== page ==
Catherine Sweet is a communications professional with over a decade of experience across the third sector. She has worked for a range of local, national and international organisations across a range of communications disciplines, and has been with GamCare since 2016.

Gambling-related harms can affect not just the gambler, but also their family, friends and colleagues. The current pandemic – including lockdown measures across the UK – has undoubtedly increased financial worries, isolation and boredom for many people, which are established risk factors for gambling harm. Coupled with the ready availability of online gambling activities, this is a concerning context for those who may be considered at-risk.

According to a Reed in Partnership report (2016), up to 10% of working adults have experienced problems excessive gambling can cause in the workplace, including loss of concentration, low productivity and absence, criminal activity (including theft and fraud) and negative impacts on mental wellbeing. The report also found that one in four working adults who gamble across Great Britain would prefer to keep the extent of their gambling hidden from their colleagues.

Now many employees are working from home, or may have been furloughed because of the pandemic, there are increased risks for those who are struggling to control their gambling. Harms also have the potential to escalate quickly, yet remain hidden from others for a significant length of time.

Stimulating open conversation about gambling and potential harms, plus greater awareness of how to stay safe if you do choose to gamble, warning signs of harm and where to find specialist support, is a key activity in helping to prevent and treat gambling-related harms.

During the first nationwide lockdown, the Gambling Commission reported that the most engaged gamblers – those most at risk of harm – spent more time and money on online gambling activities than previously. We know that concerns about privacy were common during this period and contributed to a reduction in the number of calls made to the National Gambling Helpline (Freephone 0808 80 20 133 or web chat via the GamCare website), as many people have not yet spoken to their loved ones about what they are going through. It’s important to understand that gambling has the potential to be harmful, and not talking about it can make it worse. The earlier someone can recognise and address an issue, with the right help and support, the better.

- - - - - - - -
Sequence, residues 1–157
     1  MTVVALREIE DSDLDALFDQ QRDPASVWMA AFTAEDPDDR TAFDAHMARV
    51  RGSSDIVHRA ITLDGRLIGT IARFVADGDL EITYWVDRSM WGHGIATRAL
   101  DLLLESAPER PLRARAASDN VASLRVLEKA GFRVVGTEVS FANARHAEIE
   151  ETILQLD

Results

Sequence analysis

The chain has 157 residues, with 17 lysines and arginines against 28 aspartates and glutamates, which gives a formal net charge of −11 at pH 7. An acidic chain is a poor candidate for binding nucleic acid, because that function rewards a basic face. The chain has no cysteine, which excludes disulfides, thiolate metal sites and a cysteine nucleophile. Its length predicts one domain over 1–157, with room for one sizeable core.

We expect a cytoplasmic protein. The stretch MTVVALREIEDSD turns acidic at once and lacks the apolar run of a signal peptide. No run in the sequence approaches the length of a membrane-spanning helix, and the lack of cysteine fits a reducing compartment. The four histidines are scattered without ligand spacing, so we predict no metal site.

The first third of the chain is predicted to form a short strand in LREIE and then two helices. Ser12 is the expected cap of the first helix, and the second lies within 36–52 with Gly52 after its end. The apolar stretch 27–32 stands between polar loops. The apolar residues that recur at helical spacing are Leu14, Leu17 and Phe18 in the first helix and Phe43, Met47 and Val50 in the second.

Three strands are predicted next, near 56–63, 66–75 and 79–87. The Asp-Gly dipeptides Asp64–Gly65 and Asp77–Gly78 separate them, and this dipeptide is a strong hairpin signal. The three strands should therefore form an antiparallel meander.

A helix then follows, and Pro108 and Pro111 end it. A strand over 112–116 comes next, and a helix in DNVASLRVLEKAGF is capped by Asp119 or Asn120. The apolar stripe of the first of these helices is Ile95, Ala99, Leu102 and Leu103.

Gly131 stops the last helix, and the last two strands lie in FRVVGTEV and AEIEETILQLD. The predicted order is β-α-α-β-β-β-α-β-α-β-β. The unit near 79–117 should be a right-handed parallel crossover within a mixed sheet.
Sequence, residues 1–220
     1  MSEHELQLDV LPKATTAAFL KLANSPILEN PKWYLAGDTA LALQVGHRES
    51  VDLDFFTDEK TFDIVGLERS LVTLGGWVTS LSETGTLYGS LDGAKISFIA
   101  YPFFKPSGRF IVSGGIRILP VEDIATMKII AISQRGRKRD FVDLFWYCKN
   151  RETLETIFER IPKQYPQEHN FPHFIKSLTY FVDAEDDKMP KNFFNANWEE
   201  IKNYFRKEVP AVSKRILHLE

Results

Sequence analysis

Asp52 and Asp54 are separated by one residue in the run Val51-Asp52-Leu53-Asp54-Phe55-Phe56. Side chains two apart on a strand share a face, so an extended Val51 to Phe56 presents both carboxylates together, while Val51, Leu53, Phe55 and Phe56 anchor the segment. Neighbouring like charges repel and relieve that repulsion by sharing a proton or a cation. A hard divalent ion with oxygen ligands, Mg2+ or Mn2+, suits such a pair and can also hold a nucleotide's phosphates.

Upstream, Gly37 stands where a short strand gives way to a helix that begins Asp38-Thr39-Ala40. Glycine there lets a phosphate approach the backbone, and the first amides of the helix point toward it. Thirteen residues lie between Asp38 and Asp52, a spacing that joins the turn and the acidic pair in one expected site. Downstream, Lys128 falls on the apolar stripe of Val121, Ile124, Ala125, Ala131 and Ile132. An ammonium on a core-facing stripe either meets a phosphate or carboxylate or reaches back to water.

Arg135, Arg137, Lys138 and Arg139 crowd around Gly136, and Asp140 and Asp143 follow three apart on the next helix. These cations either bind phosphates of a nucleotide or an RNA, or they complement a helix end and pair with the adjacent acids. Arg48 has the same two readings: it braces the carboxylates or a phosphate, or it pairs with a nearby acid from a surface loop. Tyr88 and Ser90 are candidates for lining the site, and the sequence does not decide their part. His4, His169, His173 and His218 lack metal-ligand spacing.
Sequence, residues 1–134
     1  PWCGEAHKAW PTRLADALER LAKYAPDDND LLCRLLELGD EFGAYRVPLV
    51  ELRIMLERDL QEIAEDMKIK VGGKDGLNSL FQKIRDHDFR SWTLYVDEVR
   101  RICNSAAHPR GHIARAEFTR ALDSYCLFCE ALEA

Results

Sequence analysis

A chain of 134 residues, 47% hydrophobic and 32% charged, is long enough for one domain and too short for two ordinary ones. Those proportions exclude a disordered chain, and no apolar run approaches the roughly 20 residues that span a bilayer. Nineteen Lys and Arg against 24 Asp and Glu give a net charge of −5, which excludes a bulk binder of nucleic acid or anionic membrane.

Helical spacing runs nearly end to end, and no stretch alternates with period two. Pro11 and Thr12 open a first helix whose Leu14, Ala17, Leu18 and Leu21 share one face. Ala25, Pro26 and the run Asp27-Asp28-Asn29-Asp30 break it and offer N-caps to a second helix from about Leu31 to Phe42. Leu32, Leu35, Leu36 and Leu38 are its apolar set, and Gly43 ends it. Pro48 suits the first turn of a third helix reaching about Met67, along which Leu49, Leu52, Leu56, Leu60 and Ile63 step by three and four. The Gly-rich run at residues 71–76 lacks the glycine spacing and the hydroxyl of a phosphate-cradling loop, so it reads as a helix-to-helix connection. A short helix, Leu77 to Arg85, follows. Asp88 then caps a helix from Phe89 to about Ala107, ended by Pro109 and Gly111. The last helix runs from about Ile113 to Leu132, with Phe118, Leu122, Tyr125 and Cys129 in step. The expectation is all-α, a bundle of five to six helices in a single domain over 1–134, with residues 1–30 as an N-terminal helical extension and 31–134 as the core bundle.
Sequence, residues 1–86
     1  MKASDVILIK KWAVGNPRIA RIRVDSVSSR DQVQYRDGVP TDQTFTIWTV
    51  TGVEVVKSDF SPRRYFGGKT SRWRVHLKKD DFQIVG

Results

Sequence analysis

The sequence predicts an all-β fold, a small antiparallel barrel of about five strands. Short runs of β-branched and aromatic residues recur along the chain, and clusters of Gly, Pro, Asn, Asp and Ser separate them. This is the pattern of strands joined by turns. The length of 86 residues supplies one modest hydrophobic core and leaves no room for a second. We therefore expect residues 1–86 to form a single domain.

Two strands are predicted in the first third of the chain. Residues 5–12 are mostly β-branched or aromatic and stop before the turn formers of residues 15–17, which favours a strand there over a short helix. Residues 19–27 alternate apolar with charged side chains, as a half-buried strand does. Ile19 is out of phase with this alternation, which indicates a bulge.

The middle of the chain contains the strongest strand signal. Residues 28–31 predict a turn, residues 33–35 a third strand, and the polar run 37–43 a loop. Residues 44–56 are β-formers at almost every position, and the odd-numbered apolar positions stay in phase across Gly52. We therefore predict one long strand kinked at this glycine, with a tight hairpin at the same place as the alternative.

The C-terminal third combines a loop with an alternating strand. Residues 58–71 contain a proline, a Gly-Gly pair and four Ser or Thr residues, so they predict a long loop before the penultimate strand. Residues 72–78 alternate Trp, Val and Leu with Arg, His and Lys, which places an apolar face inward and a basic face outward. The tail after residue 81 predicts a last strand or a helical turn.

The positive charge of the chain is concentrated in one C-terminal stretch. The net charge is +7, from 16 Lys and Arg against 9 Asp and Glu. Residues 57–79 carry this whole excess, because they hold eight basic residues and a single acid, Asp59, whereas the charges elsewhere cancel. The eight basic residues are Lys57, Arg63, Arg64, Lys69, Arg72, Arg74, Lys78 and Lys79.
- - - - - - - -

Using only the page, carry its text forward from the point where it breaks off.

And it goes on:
Safer Gambling Week is a cross-industry campaign to promote safer gambling in the United Kingdom and Ireland, taking place 19 – 25 November this year. The key objectives of Safer Gambling Week are to stimulate conversation about safer gambling and raise awareness of how to gamble more safely, the tools that are available to help people do this, plus sources of advice and support if people are concerned about gambling.

For Safer Gambling Week this year, recognising the impact that Covid-19 has had for many, GamCare is able to offer series of online briefing sessions during the week, helping businesses understand how gambling could affect their teams, how to start conversations about gambling and signpost to appropriate tools and support to prevent gambling harms.

GamCare also offers bespoke training throughout the year to give a holistic view of how gambling harms can impact specific groups, including women, young people and those in contact with the criminal justice system.

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